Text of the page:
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creating a multi-channel audio installation

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alexa wright
creating a multi-channel audio installation
on Oct 10, 2010 at 8:53:03 pm

HI,

I'm not sure if this is the correct place to post this - apologies if not, but can anyone advise me? I am trying to make an audio installation from Final Cut Pro. I have eight different audio tracks, each with one spoken voice on it. Each track contains about 10-14 fragments of audio that overlap in different ways. I want to play each track out of a different speaker so that it sounds as though the different voices are coming from different places in the room. Can anyone suggest an inexpensive, reliable way to do this?!! I have tried to test it on a surround sound system, but can only get all the tracks to come out of each speaker - I can't seem to separate them. I am using a Mac, and have tried an external sound card (M-Audio Tracker), but Final Cut won't play out through this (even though it will recognise it), I have tried making an AC3 file and playing that using VLC, but that won't work either.

If anyone can help I would be very grateful,

thanks,
Alexa


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Peter Groom
Re: creating a multi-channel audio installation
on Oct 11, 2010 at 1:28:09 pm

Interesting.
I (although am not an FCP expert) dont think this platform will do it for you at all. You need something with a lot more in out flexibility that FCP was ever intended to supply.
Doing your initial assembly / edit is ok in FCP, but using it as the pb device is i think a non starter.

I think you will need to export your FCP timeline. Id suggest creating a series of wav or aiff files that each have the same in and out points. Enable only single channels and then export the files, so you end up with as many files as you have required speakers.

Then the trick bit. Theyll need importing into something that can playback multi track audio (say like pro tools) but that can ALSO provide the connectivity to allow bussing of eack track suitably to different hardware outputs. Dont even think pro tools can do that.
You might need to look at some sort of dedicated multitrack tape machine or multiples of. Maybe ADATS or an old tascam deck or something. others might have suggestions.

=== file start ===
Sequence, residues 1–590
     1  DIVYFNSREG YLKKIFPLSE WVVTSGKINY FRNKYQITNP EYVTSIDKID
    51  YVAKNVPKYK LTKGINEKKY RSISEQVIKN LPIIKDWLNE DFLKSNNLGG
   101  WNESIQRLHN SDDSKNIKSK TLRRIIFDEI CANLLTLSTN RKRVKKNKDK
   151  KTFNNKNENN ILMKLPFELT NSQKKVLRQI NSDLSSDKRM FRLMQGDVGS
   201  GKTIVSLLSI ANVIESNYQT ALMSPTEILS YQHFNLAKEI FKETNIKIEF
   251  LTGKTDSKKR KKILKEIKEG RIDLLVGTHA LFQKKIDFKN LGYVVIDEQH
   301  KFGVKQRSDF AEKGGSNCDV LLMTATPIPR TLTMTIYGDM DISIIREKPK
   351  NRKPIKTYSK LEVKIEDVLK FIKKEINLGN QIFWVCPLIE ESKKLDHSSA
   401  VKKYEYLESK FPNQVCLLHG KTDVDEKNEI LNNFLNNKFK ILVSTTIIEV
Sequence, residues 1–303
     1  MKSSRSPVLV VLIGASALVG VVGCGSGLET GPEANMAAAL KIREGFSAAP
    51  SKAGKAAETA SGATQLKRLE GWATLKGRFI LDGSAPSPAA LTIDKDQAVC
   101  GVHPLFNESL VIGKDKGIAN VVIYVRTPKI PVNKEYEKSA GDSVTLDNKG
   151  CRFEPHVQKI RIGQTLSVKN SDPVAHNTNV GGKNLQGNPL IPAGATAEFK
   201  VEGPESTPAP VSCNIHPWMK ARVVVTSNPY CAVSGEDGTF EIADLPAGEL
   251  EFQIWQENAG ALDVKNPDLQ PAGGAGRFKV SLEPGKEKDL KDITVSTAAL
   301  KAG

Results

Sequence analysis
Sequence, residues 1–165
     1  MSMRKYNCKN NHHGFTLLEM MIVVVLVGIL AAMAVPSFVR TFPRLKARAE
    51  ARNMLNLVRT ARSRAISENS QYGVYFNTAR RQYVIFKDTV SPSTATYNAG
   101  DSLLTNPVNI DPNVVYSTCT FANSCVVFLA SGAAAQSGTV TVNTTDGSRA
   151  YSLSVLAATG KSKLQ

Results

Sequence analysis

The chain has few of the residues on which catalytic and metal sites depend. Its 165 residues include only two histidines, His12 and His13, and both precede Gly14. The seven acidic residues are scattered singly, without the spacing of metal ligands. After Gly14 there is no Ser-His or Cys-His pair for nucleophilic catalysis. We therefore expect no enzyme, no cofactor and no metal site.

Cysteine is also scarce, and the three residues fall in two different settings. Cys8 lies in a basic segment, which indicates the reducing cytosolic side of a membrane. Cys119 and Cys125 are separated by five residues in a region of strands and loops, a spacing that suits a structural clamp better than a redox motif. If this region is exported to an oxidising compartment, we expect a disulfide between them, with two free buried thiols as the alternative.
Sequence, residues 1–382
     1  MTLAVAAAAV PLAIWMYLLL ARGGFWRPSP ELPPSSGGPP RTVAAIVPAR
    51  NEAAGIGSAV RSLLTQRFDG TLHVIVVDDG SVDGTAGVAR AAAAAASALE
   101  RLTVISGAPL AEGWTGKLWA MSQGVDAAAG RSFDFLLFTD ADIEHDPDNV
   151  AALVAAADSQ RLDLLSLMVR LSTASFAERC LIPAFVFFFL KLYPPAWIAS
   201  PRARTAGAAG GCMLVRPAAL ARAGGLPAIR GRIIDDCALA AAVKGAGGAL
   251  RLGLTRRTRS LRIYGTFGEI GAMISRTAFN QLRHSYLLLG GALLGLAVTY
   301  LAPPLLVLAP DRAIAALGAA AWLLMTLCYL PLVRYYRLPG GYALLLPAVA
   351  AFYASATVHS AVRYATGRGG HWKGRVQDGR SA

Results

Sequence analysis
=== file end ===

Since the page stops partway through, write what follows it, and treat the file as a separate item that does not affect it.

Ultimately I think you need sep track outputs and multiple amps too.

You might be better taking the lo tech route. Burn the 14 track files in pairs to 7 cds. Buy 7 inexpensive cd machines with a repeat / loop function. Synchronise the 7 decks with 4 people hitting play together. Theyll stay synchronised pretty well as theyre all mains fed and quartz locked.

Good luck
Peter

Peter


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Sam Mallery
Re: creating a multi-channel audio installation
on Oct 11, 2010 at 3:40:39 pm

I don't know how to set this up in Final Cut Pro.

If I was doing an installation like this, I would use Ableton Live and an audio interface with 8 individual analog outputs (like the M-Audio ProFire 610).

The reason I would use Ableton Live is that it was designed to be used in a live setting (like an art installation), and it makes it relatively easy to route the audio of each individual track to a separate audio output on a audio interface (which is what you are going to need to do). With Ableton Live, you can set this all up and loop it, so it will just keep playing over and over again until you make it stop.

http://www.sam-mallery.com


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Ty Ford
Re: creating a multi-channel audio installation
on Oct 11, 2010 at 4:02:26 pm

Hello Alexa and welcome to the Cow Audio Forum.

You present a good head scratcher. It's a brave new world. Plain old Quicktime allows the routing of audio to 17 different outputs.

If you could export a multitrack polywave file from FCP and open it in Quicktime, go to the Quicktime Properties menu, you could assign each track to one of the 17 outputs.

I have no clue how that would work with any existing hardware.

Please let us know how or if that helps you and what success you may have.

Regards,

Ty Ford

Want better production audio?: Ty Ford's Audio Bootcamp Field Guide






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